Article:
I suppose witnessing these realities – at least from the surface, looking in – has made the call of Pope Francis’ Laudato Si – to respond to the cry of the poor and the cry of the Earth – much more real and urgent for me. Wish as I might, I cannot ‘un-see’ the suffering and injustice recounted in newspapers and on street corners, forget the faces and stories of those I have encountered, nor ignore the unease of my helplessness or the guilt of my own complicity… because the way I have been living, and the economic and social systems that have gotten me where I am, are in large part responsible for this.

At the same time, though, I have been graced with so many signs of hope. In the women from the nearby informal settlement who come to our monthly Taize meetings, tired from the day’s work, and lift up long prayers for their children and their communities and yes, even for us sisters – I am touched by faithfulness and love. But perhaps my hope comes most of all from the young people: the high school students in Flores who rode with us in a pick-up truck over rough roads for hours, from the mountains and into the town, where they would live away from their families in order to get an education; the young Myanmarese girls who sat across a table from me in Yangon, sharing stories from their teachers’ training college, and their hopes for the future – as members of a generation bridging the more insular political world of their parents to the wider horizons of the present; and our college scholars here in Manila who come from difficult backgrounds, but share in recollection sessions with us the same dreams and aspirations of young people everywhere for love and life in its fullness.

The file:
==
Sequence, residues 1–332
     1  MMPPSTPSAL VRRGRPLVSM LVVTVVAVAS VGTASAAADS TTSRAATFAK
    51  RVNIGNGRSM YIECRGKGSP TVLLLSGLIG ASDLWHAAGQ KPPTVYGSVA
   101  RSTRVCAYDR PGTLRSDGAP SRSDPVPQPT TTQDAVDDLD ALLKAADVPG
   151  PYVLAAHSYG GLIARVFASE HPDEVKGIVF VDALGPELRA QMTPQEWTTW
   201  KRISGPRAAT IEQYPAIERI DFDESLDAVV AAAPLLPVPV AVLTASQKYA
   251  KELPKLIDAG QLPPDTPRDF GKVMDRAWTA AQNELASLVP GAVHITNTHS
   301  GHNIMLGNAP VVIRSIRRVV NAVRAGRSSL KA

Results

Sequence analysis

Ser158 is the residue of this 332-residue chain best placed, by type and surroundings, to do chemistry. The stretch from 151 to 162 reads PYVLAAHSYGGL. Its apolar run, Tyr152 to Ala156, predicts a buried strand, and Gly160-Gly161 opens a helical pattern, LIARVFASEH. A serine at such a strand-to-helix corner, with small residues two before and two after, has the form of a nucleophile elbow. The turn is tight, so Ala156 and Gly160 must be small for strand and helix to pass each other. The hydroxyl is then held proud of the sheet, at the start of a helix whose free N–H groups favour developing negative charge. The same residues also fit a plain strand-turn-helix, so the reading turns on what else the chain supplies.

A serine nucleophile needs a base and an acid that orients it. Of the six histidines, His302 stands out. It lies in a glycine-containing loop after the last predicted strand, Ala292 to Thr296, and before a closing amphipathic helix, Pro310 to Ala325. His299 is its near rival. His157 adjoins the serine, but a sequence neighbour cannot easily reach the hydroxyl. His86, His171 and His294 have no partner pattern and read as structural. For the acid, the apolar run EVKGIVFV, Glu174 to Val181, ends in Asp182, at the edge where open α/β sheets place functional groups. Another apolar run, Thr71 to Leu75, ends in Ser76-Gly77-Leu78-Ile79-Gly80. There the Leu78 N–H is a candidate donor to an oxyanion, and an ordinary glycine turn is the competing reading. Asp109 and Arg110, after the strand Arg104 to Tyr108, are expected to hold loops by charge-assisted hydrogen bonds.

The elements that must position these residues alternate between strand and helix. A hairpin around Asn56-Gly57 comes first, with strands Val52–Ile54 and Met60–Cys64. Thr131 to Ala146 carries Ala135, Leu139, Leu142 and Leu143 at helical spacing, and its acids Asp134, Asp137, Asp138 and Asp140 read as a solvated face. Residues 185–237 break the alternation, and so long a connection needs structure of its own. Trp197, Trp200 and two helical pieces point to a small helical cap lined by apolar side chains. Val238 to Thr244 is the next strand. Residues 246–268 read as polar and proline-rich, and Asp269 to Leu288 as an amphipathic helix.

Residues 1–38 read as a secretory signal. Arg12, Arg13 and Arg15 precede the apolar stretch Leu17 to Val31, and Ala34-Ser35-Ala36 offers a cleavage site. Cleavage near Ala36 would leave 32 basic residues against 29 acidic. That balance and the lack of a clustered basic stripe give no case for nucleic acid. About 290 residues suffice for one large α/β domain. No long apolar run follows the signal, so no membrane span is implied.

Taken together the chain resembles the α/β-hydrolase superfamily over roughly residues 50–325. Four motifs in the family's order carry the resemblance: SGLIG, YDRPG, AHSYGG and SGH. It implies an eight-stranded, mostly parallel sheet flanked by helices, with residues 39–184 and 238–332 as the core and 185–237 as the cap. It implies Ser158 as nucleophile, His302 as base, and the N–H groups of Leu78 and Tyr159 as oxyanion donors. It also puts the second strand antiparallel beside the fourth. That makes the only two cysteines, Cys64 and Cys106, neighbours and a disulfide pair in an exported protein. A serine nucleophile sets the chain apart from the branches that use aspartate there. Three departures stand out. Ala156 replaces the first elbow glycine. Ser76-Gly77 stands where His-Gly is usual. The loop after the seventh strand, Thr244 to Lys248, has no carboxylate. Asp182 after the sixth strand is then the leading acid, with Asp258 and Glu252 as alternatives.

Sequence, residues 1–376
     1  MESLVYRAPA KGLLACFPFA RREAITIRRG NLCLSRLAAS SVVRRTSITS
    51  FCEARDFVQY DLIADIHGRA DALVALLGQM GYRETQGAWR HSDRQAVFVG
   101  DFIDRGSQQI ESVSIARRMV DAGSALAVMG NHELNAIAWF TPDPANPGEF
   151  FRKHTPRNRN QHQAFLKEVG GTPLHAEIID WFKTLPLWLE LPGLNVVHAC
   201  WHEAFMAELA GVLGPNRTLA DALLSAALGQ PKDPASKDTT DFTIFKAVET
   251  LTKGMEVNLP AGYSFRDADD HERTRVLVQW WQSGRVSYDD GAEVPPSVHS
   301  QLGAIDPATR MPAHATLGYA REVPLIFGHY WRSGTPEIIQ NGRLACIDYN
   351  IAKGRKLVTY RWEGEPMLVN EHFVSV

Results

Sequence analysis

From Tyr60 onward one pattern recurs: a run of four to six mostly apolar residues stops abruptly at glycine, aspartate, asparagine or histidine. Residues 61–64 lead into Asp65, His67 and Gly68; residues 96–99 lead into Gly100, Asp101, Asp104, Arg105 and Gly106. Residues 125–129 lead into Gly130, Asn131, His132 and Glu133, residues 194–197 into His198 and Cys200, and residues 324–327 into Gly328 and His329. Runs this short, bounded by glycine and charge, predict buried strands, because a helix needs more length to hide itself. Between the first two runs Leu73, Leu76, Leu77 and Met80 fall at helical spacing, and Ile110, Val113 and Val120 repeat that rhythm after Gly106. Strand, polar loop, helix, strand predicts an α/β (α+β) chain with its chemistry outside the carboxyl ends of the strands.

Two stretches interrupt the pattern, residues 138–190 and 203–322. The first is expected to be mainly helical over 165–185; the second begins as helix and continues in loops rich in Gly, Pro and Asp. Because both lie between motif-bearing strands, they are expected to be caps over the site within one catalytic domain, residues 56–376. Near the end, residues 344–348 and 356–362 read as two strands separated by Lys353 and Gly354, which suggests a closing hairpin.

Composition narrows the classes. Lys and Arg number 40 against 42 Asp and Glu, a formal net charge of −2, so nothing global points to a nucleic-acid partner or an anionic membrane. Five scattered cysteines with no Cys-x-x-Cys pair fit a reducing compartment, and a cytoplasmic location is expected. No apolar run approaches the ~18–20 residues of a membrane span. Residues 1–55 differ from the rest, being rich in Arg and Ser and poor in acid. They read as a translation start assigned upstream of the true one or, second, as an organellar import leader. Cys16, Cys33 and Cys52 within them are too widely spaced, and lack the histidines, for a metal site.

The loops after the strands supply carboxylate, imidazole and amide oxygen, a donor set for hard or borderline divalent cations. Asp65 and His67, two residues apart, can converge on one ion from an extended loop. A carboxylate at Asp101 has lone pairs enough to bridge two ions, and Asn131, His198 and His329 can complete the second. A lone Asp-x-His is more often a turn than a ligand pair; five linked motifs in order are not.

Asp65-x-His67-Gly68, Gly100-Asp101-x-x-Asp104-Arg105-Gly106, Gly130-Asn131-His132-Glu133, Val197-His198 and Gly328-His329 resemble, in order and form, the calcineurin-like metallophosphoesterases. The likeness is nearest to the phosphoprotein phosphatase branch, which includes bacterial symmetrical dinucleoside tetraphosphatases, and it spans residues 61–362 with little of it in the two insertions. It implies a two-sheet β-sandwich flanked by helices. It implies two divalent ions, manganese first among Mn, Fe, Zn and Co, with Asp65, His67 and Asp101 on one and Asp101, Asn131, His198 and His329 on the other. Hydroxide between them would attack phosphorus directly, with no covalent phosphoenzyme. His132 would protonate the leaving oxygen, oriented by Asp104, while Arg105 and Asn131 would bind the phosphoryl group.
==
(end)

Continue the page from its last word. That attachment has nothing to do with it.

For me, to be an FCJ amidst this suffering and hope is perhaps to live in the tensions between a fierce yearning for justice, and a gentleness that places its trust in God’s grace. In the face of injustice and indifference I often find myself eager to judge and denounce; to get up in a church or in the street and shout at the impassive faces around me. Voices that challenge are needed, of course, as we see from the lives of prophetic figures who have come before us. But harsh words alone said in anger are empty – they do not change hearts. I am still gradually learning to listen to the promptings of the Spirit of Love; to discern when I am urged on by my own insecure self-righteousness, and when I am drawn by a Love from beyond myself that seeks true peace.

In this, surprisingly, I find support in the vows that I have made as an FCJ to live obedience in the context of community (also known nowadays as the vow of “mutual collaboration”). The counsel of others – and sometimes their doubts and resistance – nudges me to stop and reconsider if, seeking to bring peace, I am instead using the tools of violence. Gentleness is also a part of our FCJ charism – a gift granted to Marie Madeleine (probably because she needed it!) that she shares with us. Not a superficial gentleness that plasters over the deep cracks in society, but one that calls lovingly to conversion.

As we move forward as a Society, I hope that we as FCJs continue to respond with love to the cry of the poor and the cry of the Earth where we are, together with our sisters and brothers all over the world – especially young people – who are engaged in this struggle. May we have hearts that are open to be disturbed, sharp minds to expose the structures of oppression, courage to speak the truth to power, and willing hands to serve all with compassion.

Continue reading Part II of this reflection at Audrey’s blog Surprising Grace